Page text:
By Jo Abi, Nine Honey
One in four young Australians now suffers from a mental health issue, according to Beyond Blue, which many experts believe constitutes a crisis.
And it appears the situation is only getting worse.
Parents are becoming increasingly desperate for answers and one man who thinks he knows exactly what’s going on is Hugh van Cuylenburg, founder of The Resilience Project.
He joined Georgie Gardner on TODAY’s Agenda this morning to share his thoughts on what is a serious issue for modern society.
Van Cuylenburg says it was in 2008 when he spent some time living and volunteering in the far north of India that he feels he hit on what is going wrong with Australian youth, and most importantly, how they can be helped.
“In this desert community, there was no running water, no electricity and no beds; everyone slept on the floor of their desert hut,” he says on The Resilience Project website.
“Despite the fact these people had very little to call their own, I was continually blown away by how happy they were,” he continues.
“It was this experience, and subsequent post graduate studies, that have led me to some pretty simple conclusions about the things that we need to do here in Australia if we want to be happier,” he says.
He says those things are “practising gratitude, empathy (compassion) and mindfulness.”
Van Cuylenburg told Gardner that it’s anxiety that is the most common mental illness for Australian youth, followed by depression.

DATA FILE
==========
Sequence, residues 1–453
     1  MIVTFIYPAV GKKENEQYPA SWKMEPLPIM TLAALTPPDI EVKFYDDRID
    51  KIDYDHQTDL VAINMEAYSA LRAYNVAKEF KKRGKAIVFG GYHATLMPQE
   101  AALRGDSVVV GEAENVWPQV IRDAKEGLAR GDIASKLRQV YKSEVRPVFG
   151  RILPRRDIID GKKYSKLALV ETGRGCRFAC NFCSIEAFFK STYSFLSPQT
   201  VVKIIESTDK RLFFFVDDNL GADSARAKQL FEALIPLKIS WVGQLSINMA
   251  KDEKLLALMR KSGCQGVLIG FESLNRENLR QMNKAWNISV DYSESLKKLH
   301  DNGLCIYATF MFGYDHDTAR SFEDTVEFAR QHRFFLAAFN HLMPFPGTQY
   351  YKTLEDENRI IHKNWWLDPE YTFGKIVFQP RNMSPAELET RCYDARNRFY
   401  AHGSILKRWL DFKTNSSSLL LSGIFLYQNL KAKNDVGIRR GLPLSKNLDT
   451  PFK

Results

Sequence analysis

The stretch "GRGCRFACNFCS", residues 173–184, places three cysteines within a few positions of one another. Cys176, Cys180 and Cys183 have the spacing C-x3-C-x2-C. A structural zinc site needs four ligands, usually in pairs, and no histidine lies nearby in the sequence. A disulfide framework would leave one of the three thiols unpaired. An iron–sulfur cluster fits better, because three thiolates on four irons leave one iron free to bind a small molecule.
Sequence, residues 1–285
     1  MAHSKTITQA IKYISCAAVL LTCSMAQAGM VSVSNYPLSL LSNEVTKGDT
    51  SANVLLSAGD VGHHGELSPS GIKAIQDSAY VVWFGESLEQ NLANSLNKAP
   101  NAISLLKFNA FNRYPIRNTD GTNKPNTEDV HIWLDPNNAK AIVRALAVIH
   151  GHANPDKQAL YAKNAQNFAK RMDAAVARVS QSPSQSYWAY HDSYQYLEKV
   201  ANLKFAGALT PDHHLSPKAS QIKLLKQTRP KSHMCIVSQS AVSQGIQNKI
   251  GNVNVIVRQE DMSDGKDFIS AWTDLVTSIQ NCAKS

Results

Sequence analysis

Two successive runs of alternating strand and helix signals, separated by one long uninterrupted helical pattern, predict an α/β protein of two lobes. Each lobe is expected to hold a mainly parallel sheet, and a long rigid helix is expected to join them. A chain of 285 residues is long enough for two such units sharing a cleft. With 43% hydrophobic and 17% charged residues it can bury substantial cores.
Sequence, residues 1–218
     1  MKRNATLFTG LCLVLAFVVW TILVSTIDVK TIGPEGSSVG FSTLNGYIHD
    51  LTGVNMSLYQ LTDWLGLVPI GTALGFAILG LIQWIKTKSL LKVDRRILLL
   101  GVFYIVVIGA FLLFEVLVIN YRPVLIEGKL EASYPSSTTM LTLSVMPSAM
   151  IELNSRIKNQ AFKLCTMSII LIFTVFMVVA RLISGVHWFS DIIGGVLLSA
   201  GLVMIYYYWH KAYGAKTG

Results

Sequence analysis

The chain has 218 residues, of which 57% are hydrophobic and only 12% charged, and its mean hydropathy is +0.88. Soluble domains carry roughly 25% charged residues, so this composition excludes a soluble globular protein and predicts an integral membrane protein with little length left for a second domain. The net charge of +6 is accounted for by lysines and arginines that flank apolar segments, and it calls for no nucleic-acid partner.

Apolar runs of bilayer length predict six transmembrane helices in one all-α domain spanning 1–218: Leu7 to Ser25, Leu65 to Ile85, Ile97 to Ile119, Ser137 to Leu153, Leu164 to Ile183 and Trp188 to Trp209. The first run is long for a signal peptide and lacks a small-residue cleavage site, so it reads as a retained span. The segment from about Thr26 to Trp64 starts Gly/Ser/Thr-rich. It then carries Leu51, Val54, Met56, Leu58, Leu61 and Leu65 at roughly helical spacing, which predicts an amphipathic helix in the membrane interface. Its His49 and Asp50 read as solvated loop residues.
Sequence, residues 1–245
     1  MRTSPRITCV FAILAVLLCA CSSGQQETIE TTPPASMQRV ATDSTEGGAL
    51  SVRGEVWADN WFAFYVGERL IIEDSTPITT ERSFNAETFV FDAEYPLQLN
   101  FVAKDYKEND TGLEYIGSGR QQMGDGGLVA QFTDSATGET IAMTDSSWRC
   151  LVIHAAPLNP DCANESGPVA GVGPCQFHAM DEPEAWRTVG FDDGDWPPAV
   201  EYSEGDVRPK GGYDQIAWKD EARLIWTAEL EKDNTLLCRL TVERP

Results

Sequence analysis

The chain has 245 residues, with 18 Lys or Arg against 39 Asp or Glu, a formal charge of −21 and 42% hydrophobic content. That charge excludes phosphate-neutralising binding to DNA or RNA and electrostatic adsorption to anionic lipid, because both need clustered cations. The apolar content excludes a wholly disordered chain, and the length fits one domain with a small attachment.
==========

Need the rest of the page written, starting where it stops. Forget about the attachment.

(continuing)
The mental health advocate says watching sister Georgia battle anorexia further fuelled his work.
“And it ravaged her,” he says, adding that mental illnesses such as anxiety, depression and eating disorders not only affect the sufferer, but their families as well.”
Van Cuylenburg says he feels devices and social media have a lot to answer for when it comes to mental illness.
“I heard someone say the other day, we’ve never been so connected yet we’ve never been so lonely.”
He feels this results in connections between young people that “are not as real.”
“I don’t know about you,” he tells to Gardner, “but I am so grateful I grew up before devices and social media and all those things.”
Van Cuylenburg says it’s reached a point where Australian youth are “addicted” to their devices and that addiction is as real as any other when it comes to the detrimental effects and difficulty in treating it.
If there’s one thing van Cuylenburg wants parents, children and all Australians to do is to “get off your phone.”
“When you’re with your kids, leave your phone in the car, leave it at home, be there with your kids, because they learn off you every second of the day,” he says, adding that when children look to their parents for their responses and reactions to them, parents are quite often looking at their phones.
“It is the greatest gift you can give them.”